To Whom Written: Jews exiled in Babylon and God's people generally

Purpose: This list of prophecies, not in chronological order, recorded in many forms like allegory, prose and acted parables (very similar to Jeremiah's) was to relate to the exiled Jews God's condemnation and punishment of his people for their many sins. It was also to document God's continuing compassion for Israel and his efforts to restore his people once they had repented and sought reconciliation and also God's desire to let Israel know that in and through it all he wants them and the world to know that he is God.


Author: Daniel

Date Written: Probably around 536 BC

To Whom Written: Jews exiled in Babylon and God's people everywhere

Purpose: This book, divided into two halves, the former dealing with Daniel's history and the latter his prophecies, seeks to encourage and give comfort and hope to God's people undergoing severe hardship by revealing God's future plan for them. It demonstrates the transitory nature of bad times and declares God's omnipotence in assuring ultimate victory and thereby realizing the oaths and covenants made to his people in accordance with his word.


Author: Hosea

Date Written: Approximately 722 BC just prior to the fall of Samaria in 721 BC

To Whom Written: The Northern Kingdom of Israel

Purpose: This book, somewhat like Daniel is divided into two sections, the former dealing with Hosea's domestic life and the latter his prophecies, seeks to show that God's love for his people is unconditional and in spite of Israel's abominable behavior through her harlotry nevertheless God, in expressing his love for them and his sadness at their rejection, urges wayward Israel to repent and be restored to the loving relationship she once had with Jehovah.


Author: Joel

Date Written: Unknown

To Whom Written: To the people of Judah

Purpose: Observing horrendous devastation caused to the land by marauding swarms of locust, Joel warns the people of Judah of God's imminent judgment upon their many sins and calls the whole nation to repent not only for the impending disaster but for their waywardness and wrongdoing. It also reveals with true prophetic accuracy the events surrounding the day of Pentecost.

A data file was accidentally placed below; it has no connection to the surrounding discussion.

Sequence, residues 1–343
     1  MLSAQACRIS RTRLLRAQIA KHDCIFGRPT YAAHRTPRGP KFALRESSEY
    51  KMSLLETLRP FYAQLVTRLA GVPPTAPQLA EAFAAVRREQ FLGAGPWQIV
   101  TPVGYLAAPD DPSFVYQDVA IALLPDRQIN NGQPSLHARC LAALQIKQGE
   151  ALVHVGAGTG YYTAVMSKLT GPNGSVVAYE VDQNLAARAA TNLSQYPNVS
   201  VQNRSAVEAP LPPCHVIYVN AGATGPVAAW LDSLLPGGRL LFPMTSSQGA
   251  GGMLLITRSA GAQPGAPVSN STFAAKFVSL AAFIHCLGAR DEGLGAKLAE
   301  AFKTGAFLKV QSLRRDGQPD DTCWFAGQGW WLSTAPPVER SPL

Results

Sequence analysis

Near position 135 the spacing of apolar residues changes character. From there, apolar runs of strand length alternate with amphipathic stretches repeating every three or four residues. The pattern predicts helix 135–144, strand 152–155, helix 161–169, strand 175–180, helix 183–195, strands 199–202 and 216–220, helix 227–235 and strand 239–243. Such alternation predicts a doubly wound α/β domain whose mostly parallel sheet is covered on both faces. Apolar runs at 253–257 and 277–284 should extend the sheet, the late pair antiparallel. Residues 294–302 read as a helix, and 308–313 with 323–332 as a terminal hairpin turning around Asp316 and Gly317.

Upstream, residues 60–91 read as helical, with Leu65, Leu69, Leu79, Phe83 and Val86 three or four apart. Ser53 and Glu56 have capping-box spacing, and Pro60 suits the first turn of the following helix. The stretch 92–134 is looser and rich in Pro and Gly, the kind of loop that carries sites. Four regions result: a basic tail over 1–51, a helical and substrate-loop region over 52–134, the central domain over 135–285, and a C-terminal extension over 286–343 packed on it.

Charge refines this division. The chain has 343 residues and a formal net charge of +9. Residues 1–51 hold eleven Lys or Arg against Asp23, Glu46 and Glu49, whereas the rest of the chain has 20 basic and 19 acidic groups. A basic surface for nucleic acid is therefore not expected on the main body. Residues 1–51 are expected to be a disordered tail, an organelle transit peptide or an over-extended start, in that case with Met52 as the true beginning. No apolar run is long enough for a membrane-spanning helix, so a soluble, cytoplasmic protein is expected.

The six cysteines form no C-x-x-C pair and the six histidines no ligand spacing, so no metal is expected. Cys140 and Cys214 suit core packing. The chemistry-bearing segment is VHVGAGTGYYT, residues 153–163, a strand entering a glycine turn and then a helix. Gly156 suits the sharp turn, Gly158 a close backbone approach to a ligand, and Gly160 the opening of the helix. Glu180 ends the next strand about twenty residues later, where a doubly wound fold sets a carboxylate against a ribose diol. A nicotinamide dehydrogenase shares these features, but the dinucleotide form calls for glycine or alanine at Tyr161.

Author: Amos

Date Written: Between 755 BC and 750 BC

To Whom Written: The Northern Kingdom of Israel

Purpose: To document God's concern that Israel, at a time of relative prosperity and success, chose to engage in moral and religious infidelity, denied the poor and fatherless social justice and deemed that the wealth and prosperity of the nation was for the favored few thereby bringing God's judgment on his people and to reveal that the wrath of God was imminent on the covenant people of Israel and the surrounding nations but that God would ultimately rescue and restore Israel.


Author: Uncertain but probably Obadiah

Date Written: Uncertain

To Whom Written: To the Nation of Edom (Idumea) and God's people

Purpose: To reveal God's displeasure with Edom over their treatment of Israel and their rejoicing and heartlessness at the calamity of Jerusalem and God's impending judgment on their people and to declare God's care and faithfulness to his covenant people Israel reassuring them of complete restoration.


Author: Uncertain but could be Jonah

Date Written: Uncertain but probably between 783 BC and 753 BC (2 Kings 14: 25)

To Whom Written: The Nation of Israel and God's people everywhere

Purpose: In sending his servant Jonah to preach a message of doom to Nineveh who on hearing the bad news repented and turned to God who had mercy on them, the aim was to reveal to all humanity that salvation is of the Lord and that this same salvation is available to all who will repent and turn to him and affirms that gentiles are included in God's overall plan of salvation for the human race.


Author: Micah

Date Written: Probably between 739 BC and 686 BC